The human body is much like a machine in many ways. It needs fuel to run. It needs fluids for cooling. And occasionally, some of the moving parts wear out and need fixing or replacing.
As the largest joint in your body, your knees take on a tremendous amount of stress on a regular basis. So, it’s no wonder that knee surgery is one of the most common procedures done by orthopedic surgeons. The good news for those who experience severe knee pain due to inflammation (arthritis), injury or degenerative conditions, is that surgery offers exceptional success for a majority of patients.
Anthony Sam had service-connected issues with his knees from his time in the Navy. The pain got so bad he eventually had to retire from his position with the Department of Defense at Norfolk Naval Shipyard. “My knees got to the point where I couldn’t do my job anymore,” he says. “It wasn’t like I couldn’t walk, but it was a struggle to get around. Within four months of the surgery, I’m not going to say I was doing everything I could do before, but I was able to get my life back in order. I could take my walks and cut my grass, and that’s pretty much all I was looking to do. Now I’m pain-free, and I don’t have any issues.” Sam doesn’t have any plans to climb Mount Everest any time soon, but he says he might try a Mayan temple someday.
David Coes also had service-connected issues with both knees and has since had both replaced. He has been practicing martial arts for 46 years and was a world champion in karate and taekwondo before joining Special Forces for nine years and eventually becoming an FBI agent. “The first time I tried jogging after surgery as a warmup for a jujitsu class I’m taking, I was a little nervous about it, but I was amazed at how I felt. I feel like the bionic man now. For the first time since I was 16, I’m completely pain-free in the knee I had replaced last year, and I should be pain-free in the other soon. When you’ve been involved in stuff like I’ve done, pain is just always part of the equation. It’s just super incredible to not have that anymore, and I’m pleased with the way my body has taken to the surgeries.”
Dr. Boyd Haynes at the Orthopaedic & Spine Center in Newport News wants people to know that if they are suffering from knee pain, full knee replacement isn’t always necessary. “Some people only have partial arthritis of the knee,” he says. “They may only have a problem with the inside or medial side of the knee. They may only be experiencing pain in the outside or lateral side. Or it might just be a kneecap (patella) issue. So, we can just replace what’s wrong and leave everything else alone. Not everyone is a candidate for partial replacement surgery, but for those who may be selected, it’s a less invasive operation, which provides a quicker recovery, less swelling and fewer complications. A lot of people don’t know this is even an option, but we’ve been doing it for two decades.”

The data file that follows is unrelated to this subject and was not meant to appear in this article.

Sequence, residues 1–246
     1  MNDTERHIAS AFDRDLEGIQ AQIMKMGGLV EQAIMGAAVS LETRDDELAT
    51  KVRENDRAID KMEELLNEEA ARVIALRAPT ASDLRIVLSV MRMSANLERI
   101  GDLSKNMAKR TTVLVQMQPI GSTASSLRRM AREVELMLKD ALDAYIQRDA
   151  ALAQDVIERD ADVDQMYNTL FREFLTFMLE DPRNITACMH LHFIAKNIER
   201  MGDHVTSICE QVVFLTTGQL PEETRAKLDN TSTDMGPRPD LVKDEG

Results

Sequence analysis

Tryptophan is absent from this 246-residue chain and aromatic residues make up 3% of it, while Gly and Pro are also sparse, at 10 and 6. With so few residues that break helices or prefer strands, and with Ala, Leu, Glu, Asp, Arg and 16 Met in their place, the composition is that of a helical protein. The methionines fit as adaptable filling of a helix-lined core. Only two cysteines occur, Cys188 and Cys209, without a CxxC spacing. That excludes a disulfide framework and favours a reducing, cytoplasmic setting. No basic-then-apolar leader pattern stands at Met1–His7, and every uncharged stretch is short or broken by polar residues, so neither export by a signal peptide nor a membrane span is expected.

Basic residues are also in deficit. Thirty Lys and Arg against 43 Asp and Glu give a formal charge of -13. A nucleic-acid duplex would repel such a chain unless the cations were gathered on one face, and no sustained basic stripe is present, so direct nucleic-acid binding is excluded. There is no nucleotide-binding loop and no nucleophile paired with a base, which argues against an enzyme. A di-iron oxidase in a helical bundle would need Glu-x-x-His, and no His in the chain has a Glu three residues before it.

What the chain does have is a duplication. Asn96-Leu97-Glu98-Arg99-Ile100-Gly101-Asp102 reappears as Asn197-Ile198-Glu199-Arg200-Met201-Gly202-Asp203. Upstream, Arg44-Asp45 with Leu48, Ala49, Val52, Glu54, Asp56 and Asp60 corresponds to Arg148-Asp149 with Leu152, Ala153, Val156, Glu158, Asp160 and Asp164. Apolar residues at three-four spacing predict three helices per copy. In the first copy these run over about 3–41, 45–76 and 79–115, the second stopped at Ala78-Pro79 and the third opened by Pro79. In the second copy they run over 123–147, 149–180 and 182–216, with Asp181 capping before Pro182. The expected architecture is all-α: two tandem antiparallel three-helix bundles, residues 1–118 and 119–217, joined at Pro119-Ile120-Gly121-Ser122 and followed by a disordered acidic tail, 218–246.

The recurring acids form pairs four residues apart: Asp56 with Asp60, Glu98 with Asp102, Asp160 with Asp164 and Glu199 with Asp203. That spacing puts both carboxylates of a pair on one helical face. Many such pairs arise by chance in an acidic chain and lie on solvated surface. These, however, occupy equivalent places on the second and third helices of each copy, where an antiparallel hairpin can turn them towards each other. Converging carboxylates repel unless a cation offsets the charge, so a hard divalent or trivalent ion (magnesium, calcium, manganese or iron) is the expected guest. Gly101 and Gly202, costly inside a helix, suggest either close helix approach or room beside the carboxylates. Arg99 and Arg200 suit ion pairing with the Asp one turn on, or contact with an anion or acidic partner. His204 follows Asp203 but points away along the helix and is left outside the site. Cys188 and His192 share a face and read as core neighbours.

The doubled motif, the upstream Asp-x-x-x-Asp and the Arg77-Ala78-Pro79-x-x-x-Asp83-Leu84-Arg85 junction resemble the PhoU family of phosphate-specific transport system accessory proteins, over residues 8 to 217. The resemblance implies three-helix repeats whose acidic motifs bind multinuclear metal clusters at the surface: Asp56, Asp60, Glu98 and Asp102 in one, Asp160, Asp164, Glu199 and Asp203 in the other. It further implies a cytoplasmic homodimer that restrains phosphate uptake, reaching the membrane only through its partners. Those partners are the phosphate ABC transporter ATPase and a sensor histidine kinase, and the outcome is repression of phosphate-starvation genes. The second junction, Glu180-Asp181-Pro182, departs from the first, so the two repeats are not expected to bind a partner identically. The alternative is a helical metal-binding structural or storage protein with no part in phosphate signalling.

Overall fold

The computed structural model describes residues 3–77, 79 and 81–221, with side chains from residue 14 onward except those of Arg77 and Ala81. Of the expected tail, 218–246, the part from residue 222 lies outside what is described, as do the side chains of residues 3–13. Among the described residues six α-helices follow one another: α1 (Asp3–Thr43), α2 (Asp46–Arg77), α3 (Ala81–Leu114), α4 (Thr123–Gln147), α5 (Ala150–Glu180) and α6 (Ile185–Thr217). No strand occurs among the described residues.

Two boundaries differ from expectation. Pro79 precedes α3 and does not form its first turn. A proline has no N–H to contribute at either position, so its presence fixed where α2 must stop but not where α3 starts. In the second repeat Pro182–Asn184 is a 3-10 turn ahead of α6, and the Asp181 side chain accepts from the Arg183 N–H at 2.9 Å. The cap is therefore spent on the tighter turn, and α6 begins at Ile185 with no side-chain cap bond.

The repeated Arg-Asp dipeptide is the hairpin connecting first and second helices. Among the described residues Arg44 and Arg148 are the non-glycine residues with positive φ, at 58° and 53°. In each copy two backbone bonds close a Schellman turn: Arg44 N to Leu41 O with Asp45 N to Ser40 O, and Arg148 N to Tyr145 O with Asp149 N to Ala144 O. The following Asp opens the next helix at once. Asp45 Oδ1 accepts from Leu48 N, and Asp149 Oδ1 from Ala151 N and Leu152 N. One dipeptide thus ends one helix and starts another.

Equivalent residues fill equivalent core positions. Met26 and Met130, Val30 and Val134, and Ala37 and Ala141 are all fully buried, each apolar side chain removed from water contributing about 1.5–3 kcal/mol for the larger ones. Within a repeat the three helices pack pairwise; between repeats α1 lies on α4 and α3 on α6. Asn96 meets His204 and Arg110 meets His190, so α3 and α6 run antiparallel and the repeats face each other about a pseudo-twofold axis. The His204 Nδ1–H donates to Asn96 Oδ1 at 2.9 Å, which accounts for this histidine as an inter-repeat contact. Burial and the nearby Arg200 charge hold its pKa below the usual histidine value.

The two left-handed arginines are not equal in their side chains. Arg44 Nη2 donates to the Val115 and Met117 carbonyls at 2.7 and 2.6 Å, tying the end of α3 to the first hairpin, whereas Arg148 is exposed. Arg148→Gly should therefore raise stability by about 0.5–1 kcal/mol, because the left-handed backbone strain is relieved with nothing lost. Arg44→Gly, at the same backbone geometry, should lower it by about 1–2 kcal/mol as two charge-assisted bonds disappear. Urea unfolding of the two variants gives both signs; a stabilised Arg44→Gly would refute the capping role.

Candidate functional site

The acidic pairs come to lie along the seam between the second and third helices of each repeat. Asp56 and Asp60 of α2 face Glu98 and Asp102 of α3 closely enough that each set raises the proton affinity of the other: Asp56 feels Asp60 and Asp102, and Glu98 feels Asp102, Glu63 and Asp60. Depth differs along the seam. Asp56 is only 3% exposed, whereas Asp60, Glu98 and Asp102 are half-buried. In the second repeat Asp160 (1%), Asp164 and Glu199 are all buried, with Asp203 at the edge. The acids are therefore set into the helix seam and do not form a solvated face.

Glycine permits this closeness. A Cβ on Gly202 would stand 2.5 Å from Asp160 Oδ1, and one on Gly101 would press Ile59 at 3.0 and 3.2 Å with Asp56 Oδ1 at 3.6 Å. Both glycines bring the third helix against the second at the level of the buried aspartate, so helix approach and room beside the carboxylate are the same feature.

No matter which surgery you need, Dr. Haynes stresses that the key to recovery is to start moving again, even on the day of the surgery. “The reward is in the rehab,” he says. “The number one problem after knee replacement surgery is that people don’t get full range of motion of the knee. So, I tell everyone that as soon as your surgery is over, the gate is open. Start to run your rehabilitation race. Start to make it happen. The slow and steady rehab wins this one.”
Dr. John Sloboda, an Orthopedic Surgeon with Riverside Medical Group in Newport News, agrees. “The primary medical benefit of movement right after knee replacement surgery is that it decreases the chance of a blood clot or deep vein thrombosis (DVT),” he says. “A secondary benefit is, the shorter the period of immobilization, the quicker the recovery overall.”
In addition to using a multi-modal approach to pain management before, during and after hip and knee replacement surgery, Dr. Sloboda points out that positive thinking has also been proven to improve recovery. “Medical research has shown that mental outlook has a bearing on healing, which is why we’ve switched from a ‘sick patient’ mentality to a ‘well patient’ mentality,” he says. “In other words, you were walking and talking and eating on your own yesterday. Why wouldn’t you be able to do all those things today just because you had major surgery? For the patient, that really helps them dwell less on the pain and how long they are going to be out of commission, and focus more on getting better and having a positive outlook rather than, ‘I’m sick because I had surgery’ attitude. Mental outlook has a big impact on healing.”